We went to The Hermitage Museum (not a church, but the acclaimed, incomparable art museum) and The Church on the Spilled Blood - both of which were captivating enough to warrant their own separate blog posts. Stay tuned. This was the rest of the day (as if those two weren't enough!).... The Rostral Columns are located in St. Petersburg on the spit of St. Basil Island. They are ancient "lights" built in 1811 to guide ships. The city has 150 bridges, 9 of them drawbridges, which allow entry of ocean-going ships into the waterways and canals of the city. These bridges are opened at 2am for ship traffic to pass but remain closed (down) during the day so traffic is not impeded.Our guide, Valya, also took us to the St. Petersburg University where she is a professor. It was one of the few places the Communist Soviet Union CCCP sign remains. This might be a good time to recount our experience with our guide. She was wonderful and quite knowledgeable, but there was an odd distance and curtness; it was almost as if the entire two day tour was scripted. And even our questions had rehearsed answers. She never asked or knew our names - there were only 7 of us in the group; so we spent 2 days with someone who never knew us by name. Odd, don't you think? It was all part of the Russian experience but it was clear that as a tourist there are certain things to see and know and others remain hidden.
Back on Nevsky prospect we passed this wartime sign alerting folks that this side of the street is more likely to be bombed. Oh. Yikes. I think I would STILL walk on the opposite side even today with such a message remaining from days gone by.
We lunched at a local, authentic diner (code for cheap!) It was a pick and point kind of cafeteria line and we did lots of pointing thereby tasting a lot of Russian specialties. Here Brian and Rebecca try the Russian borsch soup. Brian said he was glad he tried it, but I noted he only had a few slurps! But he gets point for trying!!! We found the Russian Ernst & Young building! Right in the center of it all. And right next to St. Isaac's Cathedral. I loved this church. The religious icons and stories were everywhere and the church was absolutely enormous.
St. Isaac's Cathedral in St. Petersburg is one of the world's largest domed cathedrals, holding 14,000 people. St. Isaac's was commissioned in 1818 by Tsar Alexander I to celebrate the victory over Napoleon, and the French architect Auguste de Montferrand was the designer. St. Isaac's took 40 years to build, and Montferrand died the year it opened. It sits on a marshy bank of the Neva River, and thousands of huge wooden pilings were sunk into the mud to support the church. The exterior of St. Isaac's is of Renaissance and Baroque design, and the interior is spectacular because of the mosaics and many precious stones and minerals used. The golden dome is covered with 220 pounds of gold. During the Soviet era, the Orthodox Church was closed to worshipers and became a museum of atheism. Fortunately, many of the wonderful 19th century works of art were retained and decorate today's St. Isaac's.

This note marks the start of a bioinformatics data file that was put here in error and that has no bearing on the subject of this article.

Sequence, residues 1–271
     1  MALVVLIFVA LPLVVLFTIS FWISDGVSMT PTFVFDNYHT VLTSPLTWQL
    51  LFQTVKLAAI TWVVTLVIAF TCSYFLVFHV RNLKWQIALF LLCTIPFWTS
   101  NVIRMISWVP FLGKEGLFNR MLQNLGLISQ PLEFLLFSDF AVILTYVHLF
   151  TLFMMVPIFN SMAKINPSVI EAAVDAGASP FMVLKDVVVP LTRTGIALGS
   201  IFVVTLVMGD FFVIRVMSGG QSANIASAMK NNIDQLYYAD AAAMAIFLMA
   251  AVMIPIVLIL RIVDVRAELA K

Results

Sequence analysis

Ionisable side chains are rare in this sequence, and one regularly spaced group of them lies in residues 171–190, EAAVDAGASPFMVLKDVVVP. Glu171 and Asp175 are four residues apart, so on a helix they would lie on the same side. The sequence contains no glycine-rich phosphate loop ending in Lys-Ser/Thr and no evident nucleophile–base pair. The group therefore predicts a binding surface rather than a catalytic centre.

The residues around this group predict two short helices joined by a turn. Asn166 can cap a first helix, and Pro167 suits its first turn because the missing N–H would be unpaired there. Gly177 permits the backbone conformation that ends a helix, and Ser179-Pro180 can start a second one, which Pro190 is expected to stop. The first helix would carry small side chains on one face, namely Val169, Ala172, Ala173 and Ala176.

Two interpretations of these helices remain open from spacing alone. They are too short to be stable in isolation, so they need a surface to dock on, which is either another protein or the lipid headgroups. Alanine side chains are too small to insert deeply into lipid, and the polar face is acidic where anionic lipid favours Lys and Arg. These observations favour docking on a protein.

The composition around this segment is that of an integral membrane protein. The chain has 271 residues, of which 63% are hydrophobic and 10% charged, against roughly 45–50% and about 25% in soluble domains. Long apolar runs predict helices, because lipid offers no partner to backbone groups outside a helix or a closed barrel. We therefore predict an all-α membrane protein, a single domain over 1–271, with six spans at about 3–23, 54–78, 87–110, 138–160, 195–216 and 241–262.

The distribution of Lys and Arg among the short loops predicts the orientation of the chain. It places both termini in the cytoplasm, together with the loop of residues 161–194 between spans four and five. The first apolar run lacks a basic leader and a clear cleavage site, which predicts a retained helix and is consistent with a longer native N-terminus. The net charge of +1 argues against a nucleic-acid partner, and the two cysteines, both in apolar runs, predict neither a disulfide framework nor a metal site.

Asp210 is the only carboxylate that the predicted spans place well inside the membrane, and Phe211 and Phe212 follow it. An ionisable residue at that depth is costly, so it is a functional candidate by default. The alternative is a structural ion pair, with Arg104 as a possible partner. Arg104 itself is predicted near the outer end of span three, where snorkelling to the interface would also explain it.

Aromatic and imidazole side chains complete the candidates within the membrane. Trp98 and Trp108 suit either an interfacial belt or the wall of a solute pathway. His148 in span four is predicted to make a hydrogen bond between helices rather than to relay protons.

Enjoy our photos from St. Isaac's...Way at the tippy top of the dome is a dove. If you squint you can see it!Malachite and Lapis Lazuli Columns in St. Isaac's Cathedral
The sunlight streaming in seemed a fitting "hurrah!" to St. Isaac's Cathedral.The second church we went to this day was the Peter and Paul Cathedral. The Cathedral is located inside the Peter and Paul fortress, built along the Neva River.The golden steeple seems to poke out all around the city! Very distinctive and ever present. Inside this church are the tombs of almost all of the Russian Emperors and Empresses from Peter the Great to Nicholas II. Also here lies Catherine the Great, empress of Russia for 34 years. It was kind of eerie seeing the all these graves after our crash course in Russian history.
Matryoshka dolls lined the streets of most of the tourist stops. We bought a Christmas-themed set and will remember our Russian adventure every December this way!Back on the ship, as we pulled out of the Russian port - exhausted and full of Russian culture and history - we relaxed on the back of the ship to say farewell. We sat first with an older couple from Minnesota, aghast with what we had just done. They recounted how especially for them they couldn't believe there would ever be a day when they would travel to Russia after a childhood of being fearful of Russia's nuclear threats and Communist regime. I was eleven when the Iron Curtain fell in 1989. So my memories of Russia are of a new country rising from a harsh history...rather than theirs of fear and threat. It was an interesting difference.As we pulled away we saw these men playing on the ship. I am still perplexed by exactly what they were doing?About an hour outside St. Petersburg we passed through Kronstadt, the main military seaport protecting the city. Supposedly there were people watching us as we came and left on our cruise ship. A little eerie, but we gathered with Brian and Rebecca and toasted Kronstadt and Russia together!